It’s often intentional in the movies to get the right rating. The rating the producers think will draw the biggest crowd. Never mind that the highest grossing movies of all time are Disney and other family movies. Movies were all family fare for a long time then Rhett Butler let loose with one single curse-word in Gone With the Wind and now a majority of the movies are so laden with language and content that my wife and I won’t watch them.

How does that happen? How does our society reach a point where not only our standards are under attack but Christianity itself? It’s because Satan’s strongest attribute is his patience. We’d never stand still for much of what we are faced with now if it had just been sprung on us all at once. But it came slowly, like water dripping, or like the proverbial frog sitting in that warm pan of water with the temperature going up so slowly that he never jumps out and is boiled to death.

Rhett Butler’s use of profanity condoned further use and the ensuing further use was oh so gradual. Now it is commonplace and we are told that we can’t achieve realism without it. Drip… drip… drip. It’s the same way in our society and our laws, and the same in our books. For me it’s not about what I consider to be appropriate but what I am willing to add my name to the list of those who condone it by my writing… or by what I choose to represent.

I don’t think it is such a sacrifice holding the line. I know b ad men use bad language and bad situations occur in real life, but I believe a good writer can show what they want whether it be someone cursing or other non-family-friendly content without actually using the words or showing the action in a graphic manner. And if done well I don’t believe it dilutes the power of the scene. But it does take better writing skills.

Never mind what the publisher will or won’t accept, what are we willing to attach our name to? Because when Satan lures us over that line, just a tiny bit, we become one who is condoning it.

Would You Read on? hosted by Diana Flegal


Thank you for stopping by. Today's first page submission is a upper middle grade fantasy adventure. :-)

Please let us know if you would read on by leaving a critique in the comments below.
And check out the reveal of last weeks author at the bottom of the page :-)

                                          *****


Trumpet blasts resounded across the bustling city square.  A huge knight, donned in full armour, stood on the wooden stage that had been erected especially for this momentous occasion. Thousands still flocked slowly into the ancient, crumbling walls of the historic city of Erundel, as they awaited the arrival of Treanthor, their admired emperor. His yearly visit had been long anticipated.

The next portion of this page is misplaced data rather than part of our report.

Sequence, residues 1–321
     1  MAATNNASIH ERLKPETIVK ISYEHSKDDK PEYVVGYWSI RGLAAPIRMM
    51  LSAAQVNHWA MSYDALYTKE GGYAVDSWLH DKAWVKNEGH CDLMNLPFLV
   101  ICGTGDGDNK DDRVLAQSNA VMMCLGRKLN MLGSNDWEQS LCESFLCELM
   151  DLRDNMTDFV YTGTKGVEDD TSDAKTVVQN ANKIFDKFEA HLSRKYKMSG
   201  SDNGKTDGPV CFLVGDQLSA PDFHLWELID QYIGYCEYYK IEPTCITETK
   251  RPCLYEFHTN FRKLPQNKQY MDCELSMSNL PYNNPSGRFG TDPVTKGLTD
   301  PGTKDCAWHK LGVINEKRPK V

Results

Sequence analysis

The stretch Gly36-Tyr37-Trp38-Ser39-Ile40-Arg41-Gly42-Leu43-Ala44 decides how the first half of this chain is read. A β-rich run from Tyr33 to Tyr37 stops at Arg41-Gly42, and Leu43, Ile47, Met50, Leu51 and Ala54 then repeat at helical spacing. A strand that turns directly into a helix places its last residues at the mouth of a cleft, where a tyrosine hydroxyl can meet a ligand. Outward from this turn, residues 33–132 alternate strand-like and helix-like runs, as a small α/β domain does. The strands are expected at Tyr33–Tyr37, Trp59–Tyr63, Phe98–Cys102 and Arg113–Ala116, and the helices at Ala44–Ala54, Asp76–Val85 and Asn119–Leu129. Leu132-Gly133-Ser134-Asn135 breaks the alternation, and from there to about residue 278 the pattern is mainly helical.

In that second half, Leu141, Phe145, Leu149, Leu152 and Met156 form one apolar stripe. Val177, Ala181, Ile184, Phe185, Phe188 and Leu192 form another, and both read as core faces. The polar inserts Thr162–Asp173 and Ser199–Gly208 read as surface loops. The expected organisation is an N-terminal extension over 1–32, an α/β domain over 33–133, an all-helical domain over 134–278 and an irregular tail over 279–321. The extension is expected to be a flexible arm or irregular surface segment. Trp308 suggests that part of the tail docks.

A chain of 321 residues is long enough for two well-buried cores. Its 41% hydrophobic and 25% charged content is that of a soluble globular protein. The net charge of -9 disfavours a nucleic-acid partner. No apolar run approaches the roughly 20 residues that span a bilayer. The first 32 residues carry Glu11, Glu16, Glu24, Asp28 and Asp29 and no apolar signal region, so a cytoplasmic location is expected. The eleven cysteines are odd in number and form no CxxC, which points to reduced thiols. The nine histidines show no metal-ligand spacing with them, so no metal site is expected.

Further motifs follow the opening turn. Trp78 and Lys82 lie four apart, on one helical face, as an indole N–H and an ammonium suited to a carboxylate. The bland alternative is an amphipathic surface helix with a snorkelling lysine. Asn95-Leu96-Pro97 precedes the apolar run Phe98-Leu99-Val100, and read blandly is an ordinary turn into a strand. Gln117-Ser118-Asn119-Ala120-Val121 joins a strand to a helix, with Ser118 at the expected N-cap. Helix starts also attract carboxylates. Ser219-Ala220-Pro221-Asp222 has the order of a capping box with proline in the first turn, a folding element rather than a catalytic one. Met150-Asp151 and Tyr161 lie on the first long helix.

As crowds pressed forward to catch a better view of the knight, the warm air became rich with the smell of bodies clothed in thick woven cotton and leather, mingled with the scent of ale, horses and various potions, which were being hawked by traders at the entrance to the gates. Wafts of smoke from stallholders cooking chickens on spits blended in to create a unique aroma that was unusual to newcomers to the city.
   Young children waved flags enthusiastically and joined as everyone began to chant Tre-an-thor! Tre-an-thor! Tre-an-thor! Several boys climbed the willow trees that lined the furthest side of the quad, waving to those below, while some older ones pointed their prized ska-swords into the air, showing off the gleaming light and sound feature on their xanth-powered gadgets.
    Rumours had circulated that one day, xanth would be able to power electricity once again in people’s homes – perhaps a return to the way of life before the Great Catastrophe of 2025. Treanthor always declared that he was working towards it – but insisted that it would take time and, for now, the people should be content with all that he had already achieved for them. 
    Today would mark the beginning of a new era. That was the message that had been sent out into all the towns and villages. Those who came to Erundel would be the first to witness his latest, marvelous invention; something far greater than ska swords or glow toys or magic tricks.
    Ree-Mya, a young mother with long, dark hair, stood among the throngs of people, one of the last few to be let into the square before the mammoth gates were locked shut by guards.
             
Would you read on?

Last weeks contributing author was Eddie Jones.

Eddie is a North Carolina-based writer and Acquisition Editor for Lighthouse Publishing of the Carolinas. He is a three-time winner of the Delaware Writers Conference and his young adult novel, The Curse of Captain LaFoote, won the 2012 Moonbeam Award and 2011 Selah Award. He co-writes the He Said, She Said devotions, available at ChristianDevotions.us.

Dead Man’s Hand, the first book in the Caden Chronicles mystery series, released from Zonderkidz in November, 2012.

Eddie’s new devotional book, My Father’s Business, features Biblical insights and practical applications for those seeking God's "yearning" (will) for their life. A great book for anyone who longs for more than mere "work."


You can visit with Eddie at  http://www.eddiejones.org/ .